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September 20, 2005
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disorder "Social rhythm" therapy seems to help stem ...
Disorder Victims Lead Violent Lives
Govt urged to improve mental health services for children
Katrina Survivors at Risk, Mental Health Counseling Needs May Be Extensive, Officials Say
Although some symptoms of mental health disorders may be expected in the aftermath of disasters, the survivors of Hurricane Katrina, especially those from the New Orleans area, faced multiple traumas, which is bound to compound their problems, experts say. Mental health clinic staff in Baton Rouge, where many New Orleans residents relocated, said they are experiencing a surge in requests for help. In addition, many people who already had mental illnesses or substance abuse problems went for days without any treatment. The federal Substance Abuse and Mental Health Services Administration (SAMHSA) has awarded $600,000 in grants to mental health programs in Louisiana, Mississippi and Texas. (The Wall Street Journal, 9/18/05)
SAMHSA officials project that as many as one-third of people who were displaced by Hurricane Katrina may need the help of mental health professionals due to stress-related psychological disorders. One reason for such a high projection, according to Carol North, a trauma expert at St. Louis’ Washington University School of Medicine, is the prolonged nature of the aftermath of Katrina. "Disasters that are over with quickly have less psychopathology than disasters that have repeated or chronic exposures,” North said. Such stress can also have substantial effects on individuals’ physical health, according to Salt Lake City psychologist Sam Goldstein. (USA Today/Intelihealth, 9/14/05)
Officials Focus on Medicaid to Provide Services to Katrina Victims
Although most officials at all levels of government are increasingly seeing Medicaid as the program through which Hurricane Katrina victims can receive health insurance coverage, how that coverage is provided and who pays for it are becoming significant questions to be debated. Some less contentious efforts include attempts by the federal Centers for Medicare and Medicaid Services to simplify enrollment and other procedural issues and a possible Senate bill to increase Medicaid funding to affected states. A point of contention, however, is a proposal that is supported by many in Congress but has received a cool reception by Bush administration officials and Senate Majority Leader Bill Frist, R-Tenn., is to make services through Medicaid available to any victim of the hurricane, regardless of income, for six months. (The Wall Street Journal, 9/14/05)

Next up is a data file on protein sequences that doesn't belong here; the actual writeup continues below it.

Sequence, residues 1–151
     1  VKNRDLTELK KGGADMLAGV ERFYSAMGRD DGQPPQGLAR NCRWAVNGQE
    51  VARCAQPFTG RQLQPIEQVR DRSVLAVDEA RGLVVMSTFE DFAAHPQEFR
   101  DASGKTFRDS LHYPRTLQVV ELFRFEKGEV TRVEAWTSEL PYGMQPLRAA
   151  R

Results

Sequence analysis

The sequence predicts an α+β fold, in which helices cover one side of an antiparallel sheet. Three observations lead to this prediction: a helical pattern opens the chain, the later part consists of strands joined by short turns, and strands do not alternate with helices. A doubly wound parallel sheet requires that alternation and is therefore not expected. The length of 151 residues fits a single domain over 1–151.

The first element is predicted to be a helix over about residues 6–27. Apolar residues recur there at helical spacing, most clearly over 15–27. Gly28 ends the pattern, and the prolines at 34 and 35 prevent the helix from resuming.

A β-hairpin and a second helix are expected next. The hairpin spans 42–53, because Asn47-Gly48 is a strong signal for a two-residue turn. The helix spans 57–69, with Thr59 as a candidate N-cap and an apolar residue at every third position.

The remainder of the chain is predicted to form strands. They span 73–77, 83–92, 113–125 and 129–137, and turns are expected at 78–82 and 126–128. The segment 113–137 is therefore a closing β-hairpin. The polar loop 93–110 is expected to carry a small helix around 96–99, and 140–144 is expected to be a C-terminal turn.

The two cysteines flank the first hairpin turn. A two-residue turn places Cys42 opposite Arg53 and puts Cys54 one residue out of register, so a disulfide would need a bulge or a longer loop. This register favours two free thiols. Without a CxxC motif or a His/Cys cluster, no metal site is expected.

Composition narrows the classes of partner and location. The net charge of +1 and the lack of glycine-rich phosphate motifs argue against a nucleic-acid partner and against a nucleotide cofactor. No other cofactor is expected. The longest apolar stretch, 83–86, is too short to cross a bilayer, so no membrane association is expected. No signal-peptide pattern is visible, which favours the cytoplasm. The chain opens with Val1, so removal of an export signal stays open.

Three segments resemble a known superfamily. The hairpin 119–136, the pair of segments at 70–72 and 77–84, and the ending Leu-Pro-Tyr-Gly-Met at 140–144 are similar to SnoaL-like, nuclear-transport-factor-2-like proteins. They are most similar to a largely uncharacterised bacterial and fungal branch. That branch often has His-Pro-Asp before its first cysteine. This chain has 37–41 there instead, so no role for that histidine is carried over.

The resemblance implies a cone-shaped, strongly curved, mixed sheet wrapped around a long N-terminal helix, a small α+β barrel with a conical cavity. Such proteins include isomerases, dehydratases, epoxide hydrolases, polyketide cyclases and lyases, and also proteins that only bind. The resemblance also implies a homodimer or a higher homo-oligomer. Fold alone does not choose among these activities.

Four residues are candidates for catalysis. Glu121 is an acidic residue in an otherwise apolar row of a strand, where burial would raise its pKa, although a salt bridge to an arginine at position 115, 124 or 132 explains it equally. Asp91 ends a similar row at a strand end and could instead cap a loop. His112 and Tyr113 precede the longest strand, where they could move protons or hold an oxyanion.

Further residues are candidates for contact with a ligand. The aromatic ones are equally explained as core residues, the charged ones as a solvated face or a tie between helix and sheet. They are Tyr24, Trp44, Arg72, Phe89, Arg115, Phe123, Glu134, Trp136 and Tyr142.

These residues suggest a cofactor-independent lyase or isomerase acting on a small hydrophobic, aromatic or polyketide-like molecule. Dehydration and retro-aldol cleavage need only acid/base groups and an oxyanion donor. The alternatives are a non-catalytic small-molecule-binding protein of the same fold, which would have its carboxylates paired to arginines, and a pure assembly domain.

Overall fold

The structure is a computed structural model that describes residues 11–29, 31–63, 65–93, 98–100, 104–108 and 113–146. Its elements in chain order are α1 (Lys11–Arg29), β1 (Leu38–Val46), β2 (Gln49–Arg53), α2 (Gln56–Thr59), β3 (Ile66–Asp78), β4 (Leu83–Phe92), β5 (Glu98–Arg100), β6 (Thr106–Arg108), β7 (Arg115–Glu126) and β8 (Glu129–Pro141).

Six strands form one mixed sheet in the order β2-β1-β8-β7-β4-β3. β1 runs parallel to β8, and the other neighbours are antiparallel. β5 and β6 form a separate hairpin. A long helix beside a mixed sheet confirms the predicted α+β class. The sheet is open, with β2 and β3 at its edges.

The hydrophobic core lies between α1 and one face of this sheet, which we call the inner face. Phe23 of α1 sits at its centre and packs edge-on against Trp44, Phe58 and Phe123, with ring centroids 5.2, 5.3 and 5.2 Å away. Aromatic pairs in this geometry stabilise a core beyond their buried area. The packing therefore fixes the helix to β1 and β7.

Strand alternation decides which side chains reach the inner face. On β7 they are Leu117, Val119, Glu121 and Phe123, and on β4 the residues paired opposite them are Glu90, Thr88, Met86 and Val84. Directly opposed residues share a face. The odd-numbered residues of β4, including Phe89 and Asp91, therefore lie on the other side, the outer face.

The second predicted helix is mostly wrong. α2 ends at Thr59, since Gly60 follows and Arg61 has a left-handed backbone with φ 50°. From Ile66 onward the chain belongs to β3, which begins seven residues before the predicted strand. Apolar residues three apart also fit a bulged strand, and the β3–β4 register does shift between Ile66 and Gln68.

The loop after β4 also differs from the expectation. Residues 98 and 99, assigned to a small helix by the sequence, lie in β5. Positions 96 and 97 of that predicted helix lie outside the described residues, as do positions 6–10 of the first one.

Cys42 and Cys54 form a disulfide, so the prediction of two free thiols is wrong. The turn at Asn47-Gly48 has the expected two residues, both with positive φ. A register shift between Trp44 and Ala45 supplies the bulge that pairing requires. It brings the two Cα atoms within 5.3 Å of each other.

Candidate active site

Medicare Premiums to Rise
Monthly Medicare Part B premiums are expected to increase from $78.20 this year to $88.50 in 2006 – a 13 percent jump -- due to increased use of physician and other outpatient services, according to the federal Centers for Medicare and Medicaid Services. This increase will be in addition to the cost of the new prescription drug benefit, for those who enroll, a premium which is expected to cost on average $32.20 per month, although government assistance is available for people with low incomes. (The Wall Street Journal, 9/17/05)
Cyberonics Attempts to Receive Insurance Coverage for Depression-Treatment Device
Cyberonics is trying to convince the BlueCross BlueShield Association and other large insurance companies to provide coverage for Cyberonics’ implantable vagus nerve stimulation device for the treatment of depression. The BlueCross BlueShield Association’s Technology Evaluation Center (TEC), which makes recommendations on which devices the association should cover, gave the device a negative review based on what Cyberonics says is old data. In its recommendation, TEC criticized the way Cyberonics had conducted its clinical trials. (Dow Jones Newswires, 9/14/05)